Georgia Hall, the third Brit ever to win the prestigious Women’s British Open golf tournament, hopes to inspire more women to get into the sport.
On a beautiful Sunday in Lancashire, where the warm weather thankfully never crept past 23°C, Georgia Hall became the third Briton to win the Women’s British Open. It’s the first major title for the 22-year-old athlete, who hopes her victory will encourage other women and girls to get into the male-dominated sport of golf.
Speaking after her 5 August win, Hall thanked her family and boyfriend, and dedicated her success to her grandfather. “There’s someone special at home who’s going through a very bad time, so this is for you, Grandad,” she said.
Sky News reports that Hall’s boyfriend Harry Tyrrell usually serves as her caddy at golf tournaments, carrying her bag as well as offering strategic advice and moral support. At the Women’s British Open this weekend, however, she asked her father, Wayne, to be her caddy.
She acknowledged the support of her parents and Tyrrell in her victory speech, saying: “I’d also like to thank my dad for caddying. Thanks for doing everything for me when I was growing up… and to my mum. And to my boyfriend as well for supporting me.”
Hall was born in Bournemouth, and golf has always been in her blood. Even her name is inspired by the sport: she was born two days before Sir Nick Faldo won the US Masters tournament in Augusta, Georgia, in 1996, prompting her golf-mad parents to name her after the Southern state.
She developed her own interest in golf from a young age and won a clutch of prestigious titles in her teens after training at LeAF Studio School, a school for young athletes and performance artists in Bournemouth.
In 2012, aged 16, she won the British Girls’ Championship; a year later, she triumphed at the British Ladies Amateur Golf Championship in Lancashire.
Hall also dazzled at the Australian Youth Olympics in 2013, where she was one of the first golfers to compete for Team GB since the 1900 Olympic Games. She took home a gold medal for the individual event at the Olympics, as well as a winner’s medal for her performance in the team competition, and was a flag bearer at the opening ceremony.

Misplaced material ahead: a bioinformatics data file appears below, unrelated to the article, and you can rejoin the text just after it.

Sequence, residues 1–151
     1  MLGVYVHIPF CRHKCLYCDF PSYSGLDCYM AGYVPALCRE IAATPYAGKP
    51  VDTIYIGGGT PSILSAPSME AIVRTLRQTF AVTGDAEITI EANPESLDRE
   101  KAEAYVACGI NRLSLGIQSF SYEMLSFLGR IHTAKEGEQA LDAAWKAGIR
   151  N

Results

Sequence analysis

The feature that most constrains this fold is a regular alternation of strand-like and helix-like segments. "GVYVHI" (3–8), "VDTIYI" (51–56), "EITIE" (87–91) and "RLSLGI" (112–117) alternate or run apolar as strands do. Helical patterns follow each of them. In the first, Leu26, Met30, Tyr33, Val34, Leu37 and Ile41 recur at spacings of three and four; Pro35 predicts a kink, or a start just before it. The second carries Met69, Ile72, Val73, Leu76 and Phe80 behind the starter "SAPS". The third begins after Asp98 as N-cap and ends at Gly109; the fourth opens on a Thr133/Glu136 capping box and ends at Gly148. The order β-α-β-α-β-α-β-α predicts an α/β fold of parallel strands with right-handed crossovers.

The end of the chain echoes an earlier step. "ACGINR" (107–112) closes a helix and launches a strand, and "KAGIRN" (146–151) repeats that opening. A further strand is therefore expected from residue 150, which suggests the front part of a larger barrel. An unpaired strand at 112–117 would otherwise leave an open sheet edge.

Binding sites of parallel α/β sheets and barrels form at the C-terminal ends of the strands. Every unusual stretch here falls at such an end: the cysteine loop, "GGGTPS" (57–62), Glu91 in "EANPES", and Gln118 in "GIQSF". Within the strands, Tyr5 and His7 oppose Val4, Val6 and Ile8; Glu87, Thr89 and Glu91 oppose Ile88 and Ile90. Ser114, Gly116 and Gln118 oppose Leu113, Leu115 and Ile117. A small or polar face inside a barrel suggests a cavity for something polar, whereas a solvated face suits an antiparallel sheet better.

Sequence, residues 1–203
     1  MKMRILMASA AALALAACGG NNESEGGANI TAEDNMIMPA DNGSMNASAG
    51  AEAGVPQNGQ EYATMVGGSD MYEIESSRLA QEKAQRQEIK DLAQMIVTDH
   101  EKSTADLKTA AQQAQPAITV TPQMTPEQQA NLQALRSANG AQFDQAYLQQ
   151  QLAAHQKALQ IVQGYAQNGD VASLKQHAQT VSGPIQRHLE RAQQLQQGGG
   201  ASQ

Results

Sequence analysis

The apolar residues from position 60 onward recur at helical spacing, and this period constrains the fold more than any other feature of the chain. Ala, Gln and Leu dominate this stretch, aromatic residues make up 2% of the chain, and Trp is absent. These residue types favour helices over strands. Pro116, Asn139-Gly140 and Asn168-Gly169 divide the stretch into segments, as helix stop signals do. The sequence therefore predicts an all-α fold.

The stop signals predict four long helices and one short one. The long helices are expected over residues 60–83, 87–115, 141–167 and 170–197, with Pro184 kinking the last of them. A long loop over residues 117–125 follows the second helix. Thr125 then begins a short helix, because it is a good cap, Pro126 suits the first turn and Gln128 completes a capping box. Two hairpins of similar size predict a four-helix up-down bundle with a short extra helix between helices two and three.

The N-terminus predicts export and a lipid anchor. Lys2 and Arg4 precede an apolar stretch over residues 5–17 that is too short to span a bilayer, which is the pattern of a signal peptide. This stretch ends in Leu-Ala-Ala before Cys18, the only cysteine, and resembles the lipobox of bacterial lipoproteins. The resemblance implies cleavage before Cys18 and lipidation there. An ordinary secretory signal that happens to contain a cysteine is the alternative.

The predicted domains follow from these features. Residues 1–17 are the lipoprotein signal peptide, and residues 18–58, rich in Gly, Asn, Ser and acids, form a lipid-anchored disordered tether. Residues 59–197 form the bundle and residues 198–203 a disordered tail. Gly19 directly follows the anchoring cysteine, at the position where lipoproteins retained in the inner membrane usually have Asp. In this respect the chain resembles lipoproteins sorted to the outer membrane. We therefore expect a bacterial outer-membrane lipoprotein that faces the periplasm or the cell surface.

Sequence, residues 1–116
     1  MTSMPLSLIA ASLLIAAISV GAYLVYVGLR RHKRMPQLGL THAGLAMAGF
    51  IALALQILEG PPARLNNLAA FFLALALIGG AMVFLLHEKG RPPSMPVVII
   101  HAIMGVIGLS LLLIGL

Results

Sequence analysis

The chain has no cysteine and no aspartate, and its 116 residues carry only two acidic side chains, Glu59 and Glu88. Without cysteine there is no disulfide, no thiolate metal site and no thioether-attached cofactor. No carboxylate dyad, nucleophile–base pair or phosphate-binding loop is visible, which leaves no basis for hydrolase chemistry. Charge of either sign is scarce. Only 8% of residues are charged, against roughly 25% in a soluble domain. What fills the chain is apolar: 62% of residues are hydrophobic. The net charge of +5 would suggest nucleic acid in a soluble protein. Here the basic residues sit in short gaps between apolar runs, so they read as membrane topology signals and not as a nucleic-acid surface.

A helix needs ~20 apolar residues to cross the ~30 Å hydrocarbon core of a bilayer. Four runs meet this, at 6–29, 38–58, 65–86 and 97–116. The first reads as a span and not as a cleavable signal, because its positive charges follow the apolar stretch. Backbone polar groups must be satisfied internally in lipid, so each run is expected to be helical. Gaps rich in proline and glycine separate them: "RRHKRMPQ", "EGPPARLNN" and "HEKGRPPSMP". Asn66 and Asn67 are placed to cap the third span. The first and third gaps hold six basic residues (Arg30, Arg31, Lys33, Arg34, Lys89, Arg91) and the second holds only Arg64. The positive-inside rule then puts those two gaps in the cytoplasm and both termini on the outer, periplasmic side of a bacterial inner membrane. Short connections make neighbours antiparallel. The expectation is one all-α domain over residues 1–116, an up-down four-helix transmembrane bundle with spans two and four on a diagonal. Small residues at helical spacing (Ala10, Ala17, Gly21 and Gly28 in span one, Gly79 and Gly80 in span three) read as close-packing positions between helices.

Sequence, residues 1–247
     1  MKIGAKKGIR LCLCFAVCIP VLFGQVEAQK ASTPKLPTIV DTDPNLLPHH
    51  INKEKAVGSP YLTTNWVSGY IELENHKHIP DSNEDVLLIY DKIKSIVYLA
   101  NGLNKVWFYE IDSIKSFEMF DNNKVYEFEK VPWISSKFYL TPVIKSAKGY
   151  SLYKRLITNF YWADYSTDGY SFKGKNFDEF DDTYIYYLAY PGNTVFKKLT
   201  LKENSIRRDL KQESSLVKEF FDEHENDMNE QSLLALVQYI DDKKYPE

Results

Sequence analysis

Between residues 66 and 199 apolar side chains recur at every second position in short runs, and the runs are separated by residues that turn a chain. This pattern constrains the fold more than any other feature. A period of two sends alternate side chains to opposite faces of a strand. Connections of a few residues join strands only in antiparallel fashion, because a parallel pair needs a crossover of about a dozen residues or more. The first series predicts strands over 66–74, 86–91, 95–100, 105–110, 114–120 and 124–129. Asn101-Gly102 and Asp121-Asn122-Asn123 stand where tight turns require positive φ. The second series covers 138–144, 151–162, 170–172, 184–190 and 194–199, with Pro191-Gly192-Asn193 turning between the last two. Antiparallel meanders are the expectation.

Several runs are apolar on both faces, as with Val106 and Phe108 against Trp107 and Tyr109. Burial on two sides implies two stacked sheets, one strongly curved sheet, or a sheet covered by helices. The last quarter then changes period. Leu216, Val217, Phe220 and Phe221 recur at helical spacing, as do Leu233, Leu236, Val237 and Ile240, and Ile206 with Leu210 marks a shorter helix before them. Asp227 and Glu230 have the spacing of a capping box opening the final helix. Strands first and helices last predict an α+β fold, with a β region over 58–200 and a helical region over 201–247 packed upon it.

“This is a huge honour,” she said at the time. “I was thrilled to have been selected to carry the flag for Team GB at the opening ceremony of the Australian Youth Olympic Festival.”
Hall turned professional in 2014, aged 18, and scored her first professional victory two years later when she came out on top at the Oates Victorian Open in Australia. However, her success at the Women’s British Open represents her biggest win to date.
“It’s incredible,” Hall said after the tournament. “I had so much support today from all the people backing me and supporting me and cheering my name. I’m just so grateful. I’m so over the moon it’s hard to put into words.”
After winning at the Women’s British Open, Hall also spoke of her desire to inspire other women and girls to get into golf. The sport is one of the most male-dominated in the UK: women currently make up just 15% of members of England Golf, the governing body for all amateur golf in England, while a 2013 study showed that only 14% of the 1.2 million golf club members across the UK and Ireland were female.
The lack of women in golf has been attributed to the fact that it’s still widely perceived as a ‘man’s sport’ – something not helped by reports of men-only golf clubs and old-fashioned “slut-shaming” dress codes. Last year, Muirfield golf club in Scotland announced that it would allow women to join for the first time, but several Scottish golf clubs still only admit men.
After Hall’s victory, however, The Telegraph reports that a crowd of children – most of them girls – had gathered outside the media centre at Royal Lytham & St Annes, chanting, “Georgia, Georgia”.
“It was great seeing so many young girls out there watching,” Hall said. “If I can be a role model for them, great. It is too good to be true. It was my goal when I was nine to win the British Open. I am so happy.”
Throughout 2018, Stylist is raising the profiles of brilliant women past and present – and empowering future generations to follow their lead – with our Visible Women campaign. See more from Visible Women here.
Images: Getty Images